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The Secret Agents
by [?]

Dr. Leslie looked at Haynes searchingly. “Who was it?” he asked. “Madame Dupres?”

Haynes did not hesitate. “Yes,” he nodded. “I had an appointment with her and told her that if I was late it would probably be that I had stopped here.”

The answer came so readily that I must confess that I was suspicious of it.

“Did Madame Dupres know the Baroness Von Dorf?” asked Craig quickly.

“Yes, indeed,” returned Haynes, then stopped suddenly.

“But they didn’t travel in the same circle, did they?” asked Dr. Leslie, with the air of the cross-examiner who wished to place on record a fact that might later prove damaging.

“Not exactly,” answered Haynes, with some hesitation.

“You knew her, of course?” added Craig.

Haynes nodded.

“I wonder if you could locate the Baroness,” pursued Kennedy.

Haynes seemed to express no surprise at the obvious implication that she was missing. “I have no objection to trying,” he answered simply; then, with a glance at his watch, he reached for his hat and stick and excused himself. “I’m afraid I must go. If I can be of any assistance,” he added, “don’t hesitate to call on me. Delaney and I were pretty closely associated in this deal and I feel that nothing is too much to ask of me if it is possible to clear up the mystery of his death, if there is any.”

He departed as quickly as he had come.

“I wonder what he dropped in for?” I remarked.

“Whatever it was, he didn’t get it,” returned Leslie.

“I’m not so sure of that,” I said, remembering the brief telephone conversation with Madame Dupres.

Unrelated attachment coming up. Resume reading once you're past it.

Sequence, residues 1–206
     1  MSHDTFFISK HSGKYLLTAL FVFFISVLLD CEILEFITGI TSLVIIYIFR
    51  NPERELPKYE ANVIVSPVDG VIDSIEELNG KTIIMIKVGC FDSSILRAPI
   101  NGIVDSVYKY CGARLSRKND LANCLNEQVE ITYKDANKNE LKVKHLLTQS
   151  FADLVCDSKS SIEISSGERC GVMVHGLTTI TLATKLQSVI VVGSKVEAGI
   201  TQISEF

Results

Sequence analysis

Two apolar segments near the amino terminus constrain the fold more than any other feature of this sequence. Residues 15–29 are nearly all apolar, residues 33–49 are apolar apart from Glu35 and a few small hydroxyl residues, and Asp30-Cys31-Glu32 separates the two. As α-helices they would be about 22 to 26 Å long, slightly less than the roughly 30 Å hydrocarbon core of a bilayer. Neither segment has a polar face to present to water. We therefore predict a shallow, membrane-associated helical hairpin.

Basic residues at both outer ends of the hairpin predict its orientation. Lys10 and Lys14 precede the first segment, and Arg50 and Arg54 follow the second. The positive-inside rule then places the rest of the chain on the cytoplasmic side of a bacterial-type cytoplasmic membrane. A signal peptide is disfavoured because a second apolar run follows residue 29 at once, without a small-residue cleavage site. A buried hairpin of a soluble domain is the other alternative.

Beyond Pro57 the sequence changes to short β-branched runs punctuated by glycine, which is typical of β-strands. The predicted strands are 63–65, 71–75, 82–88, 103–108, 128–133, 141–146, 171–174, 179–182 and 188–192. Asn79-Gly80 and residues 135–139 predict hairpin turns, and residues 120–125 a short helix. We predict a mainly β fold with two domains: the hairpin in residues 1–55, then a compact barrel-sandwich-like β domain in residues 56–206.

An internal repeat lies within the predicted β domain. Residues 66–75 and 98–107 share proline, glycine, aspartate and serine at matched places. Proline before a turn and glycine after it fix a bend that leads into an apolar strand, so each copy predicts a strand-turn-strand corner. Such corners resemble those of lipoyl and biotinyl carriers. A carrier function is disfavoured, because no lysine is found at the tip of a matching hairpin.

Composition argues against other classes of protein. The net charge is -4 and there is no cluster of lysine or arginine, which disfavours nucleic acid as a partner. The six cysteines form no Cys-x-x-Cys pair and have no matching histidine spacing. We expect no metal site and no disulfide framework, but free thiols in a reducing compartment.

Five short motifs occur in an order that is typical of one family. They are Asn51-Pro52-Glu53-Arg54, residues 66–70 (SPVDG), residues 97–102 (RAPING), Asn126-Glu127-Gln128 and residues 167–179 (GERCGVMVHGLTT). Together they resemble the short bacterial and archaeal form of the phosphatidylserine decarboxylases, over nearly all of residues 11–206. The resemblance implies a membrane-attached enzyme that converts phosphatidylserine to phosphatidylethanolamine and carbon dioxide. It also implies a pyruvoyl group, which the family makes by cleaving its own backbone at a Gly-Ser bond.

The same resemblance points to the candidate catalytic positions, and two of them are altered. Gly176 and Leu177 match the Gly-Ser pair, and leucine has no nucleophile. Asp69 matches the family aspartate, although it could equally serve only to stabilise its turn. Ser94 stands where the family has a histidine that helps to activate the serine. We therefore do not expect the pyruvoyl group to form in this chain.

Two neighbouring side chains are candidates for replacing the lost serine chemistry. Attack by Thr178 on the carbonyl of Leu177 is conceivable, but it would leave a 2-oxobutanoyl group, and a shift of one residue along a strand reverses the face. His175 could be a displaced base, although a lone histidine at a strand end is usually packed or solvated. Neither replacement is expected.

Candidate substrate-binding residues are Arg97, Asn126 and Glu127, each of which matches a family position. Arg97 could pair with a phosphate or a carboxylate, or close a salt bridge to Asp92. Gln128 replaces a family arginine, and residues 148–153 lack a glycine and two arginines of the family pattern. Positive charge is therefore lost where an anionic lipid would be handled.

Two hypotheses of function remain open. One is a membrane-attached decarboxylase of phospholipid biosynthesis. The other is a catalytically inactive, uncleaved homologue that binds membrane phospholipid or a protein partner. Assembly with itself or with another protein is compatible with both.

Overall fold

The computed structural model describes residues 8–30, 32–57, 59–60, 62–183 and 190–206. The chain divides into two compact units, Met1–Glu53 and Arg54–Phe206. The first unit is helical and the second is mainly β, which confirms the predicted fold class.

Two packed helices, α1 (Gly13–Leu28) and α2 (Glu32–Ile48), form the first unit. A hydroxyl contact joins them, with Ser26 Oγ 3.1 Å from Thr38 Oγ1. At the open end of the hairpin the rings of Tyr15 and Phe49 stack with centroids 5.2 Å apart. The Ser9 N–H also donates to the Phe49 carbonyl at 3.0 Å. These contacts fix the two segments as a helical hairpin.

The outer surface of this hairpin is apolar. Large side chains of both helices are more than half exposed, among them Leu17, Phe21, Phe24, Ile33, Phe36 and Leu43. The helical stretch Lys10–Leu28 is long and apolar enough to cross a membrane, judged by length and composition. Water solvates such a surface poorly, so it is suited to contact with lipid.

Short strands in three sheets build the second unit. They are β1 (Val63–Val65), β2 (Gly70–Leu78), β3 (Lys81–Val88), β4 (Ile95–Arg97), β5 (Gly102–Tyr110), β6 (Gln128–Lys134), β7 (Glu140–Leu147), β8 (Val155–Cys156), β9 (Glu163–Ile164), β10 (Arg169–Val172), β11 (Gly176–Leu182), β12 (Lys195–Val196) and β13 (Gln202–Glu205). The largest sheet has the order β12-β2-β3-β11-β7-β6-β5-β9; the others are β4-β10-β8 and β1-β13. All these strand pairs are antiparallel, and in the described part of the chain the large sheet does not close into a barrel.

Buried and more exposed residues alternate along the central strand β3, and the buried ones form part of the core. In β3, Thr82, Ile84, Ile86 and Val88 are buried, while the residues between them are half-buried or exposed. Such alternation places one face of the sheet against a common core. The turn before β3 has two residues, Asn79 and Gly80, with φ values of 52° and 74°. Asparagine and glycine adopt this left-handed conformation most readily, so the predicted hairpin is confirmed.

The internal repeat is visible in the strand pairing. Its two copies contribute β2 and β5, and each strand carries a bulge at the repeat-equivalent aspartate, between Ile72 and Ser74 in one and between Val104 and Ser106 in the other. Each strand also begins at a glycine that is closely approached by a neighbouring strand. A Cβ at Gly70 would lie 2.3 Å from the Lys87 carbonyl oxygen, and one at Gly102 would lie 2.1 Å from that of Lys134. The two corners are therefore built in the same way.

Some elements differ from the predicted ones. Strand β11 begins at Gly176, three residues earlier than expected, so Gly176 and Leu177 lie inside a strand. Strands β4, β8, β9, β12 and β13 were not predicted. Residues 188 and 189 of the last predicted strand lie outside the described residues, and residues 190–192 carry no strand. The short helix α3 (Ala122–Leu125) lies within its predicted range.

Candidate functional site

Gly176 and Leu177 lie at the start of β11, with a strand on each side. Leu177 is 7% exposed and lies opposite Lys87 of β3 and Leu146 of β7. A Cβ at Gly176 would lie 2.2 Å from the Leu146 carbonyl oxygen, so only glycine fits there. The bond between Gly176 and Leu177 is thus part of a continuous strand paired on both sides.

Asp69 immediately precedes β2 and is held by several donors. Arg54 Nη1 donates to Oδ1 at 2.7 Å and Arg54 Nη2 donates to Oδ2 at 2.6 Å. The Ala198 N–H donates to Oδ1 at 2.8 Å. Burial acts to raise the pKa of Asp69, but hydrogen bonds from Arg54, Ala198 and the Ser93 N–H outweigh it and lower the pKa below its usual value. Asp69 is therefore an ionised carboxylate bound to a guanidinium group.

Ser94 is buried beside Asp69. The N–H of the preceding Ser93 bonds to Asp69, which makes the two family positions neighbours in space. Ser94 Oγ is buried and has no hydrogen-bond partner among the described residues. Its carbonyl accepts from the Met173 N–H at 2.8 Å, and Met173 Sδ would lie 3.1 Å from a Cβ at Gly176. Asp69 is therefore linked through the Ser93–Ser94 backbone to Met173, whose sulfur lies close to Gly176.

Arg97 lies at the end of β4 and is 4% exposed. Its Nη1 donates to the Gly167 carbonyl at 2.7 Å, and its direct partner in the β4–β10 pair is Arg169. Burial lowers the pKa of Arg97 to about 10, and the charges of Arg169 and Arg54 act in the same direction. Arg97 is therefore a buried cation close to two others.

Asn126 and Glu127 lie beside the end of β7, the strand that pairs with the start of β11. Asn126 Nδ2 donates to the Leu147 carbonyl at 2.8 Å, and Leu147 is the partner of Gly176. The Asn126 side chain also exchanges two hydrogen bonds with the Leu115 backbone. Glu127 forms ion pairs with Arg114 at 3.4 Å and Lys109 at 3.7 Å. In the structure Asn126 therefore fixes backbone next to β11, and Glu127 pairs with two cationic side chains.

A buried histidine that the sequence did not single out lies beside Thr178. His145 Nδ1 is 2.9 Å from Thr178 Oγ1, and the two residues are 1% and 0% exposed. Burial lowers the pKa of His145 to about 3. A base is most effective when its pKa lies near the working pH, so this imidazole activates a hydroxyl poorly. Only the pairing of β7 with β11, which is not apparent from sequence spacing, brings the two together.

Kennedy did not appear to be bothering much about the question one way or the other. He had let his cigar go out during Haynes’ visit, but now that we were alone again he continued his minute search of the premises.

He opened a closet which evidently contained nothing but household utensils and was about to shut the door when an idea occurred to him. A moment later he pulled from the mystic depths an electric vacuum cleaner and dragged it over to the sun-parlor.

Without a word we watched him as he ran it over the floor and walls, even over the wicker stands on which the plants stood, and then over the floor coverings and furniture of the other rooms that opened into the conservatory. What he was after I could not imagine, but I knew it was useless to ask him until he had found it or had some reason for telling it.

Carefully he removed the dust and dirt from the machine and wrapped it up tightly in a package.

We parted from Dr. Leslie at the door of the apartment, promising to keep in touch with him and let him know the moment anything happened.

At the first telegraph office Kennedy entered and sent off a long message to our friend Burke of the Secret Service in Washington, asking him to locate the Baroness, if possible, in that city, and to give any information he might have about either Haynes or Madame Dupres.

“It’s still early in the evening,” remarked Kennedy as we left the telegraph office. “Suppose we drop around to the St. Quentin. Perhaps we may run into our friends there.”

The St. Quentin was a favorite resort of foreigners in New York, and I, at least, entered prepared to suspect everyone.

“Not all these mysterious-looking men and women,” laughed Kennedy, noticing me as we walked through the lobby, “are secret agents of foreign governments.”

“Still they look as if they might give you the ‘high sign,'” I replied, “particularly if you flashed a bankroll.”

“I don’t doubt it,” he agreed, his eye roving over the throng. “I suspect that Scotland Yard and the Palais de Justice might be quite pleased to see some faces here rather than on the other side of the Atlantic.”

He drew me into an angle and for some moments we studied the passing crowd of diplomats and near-diplomats.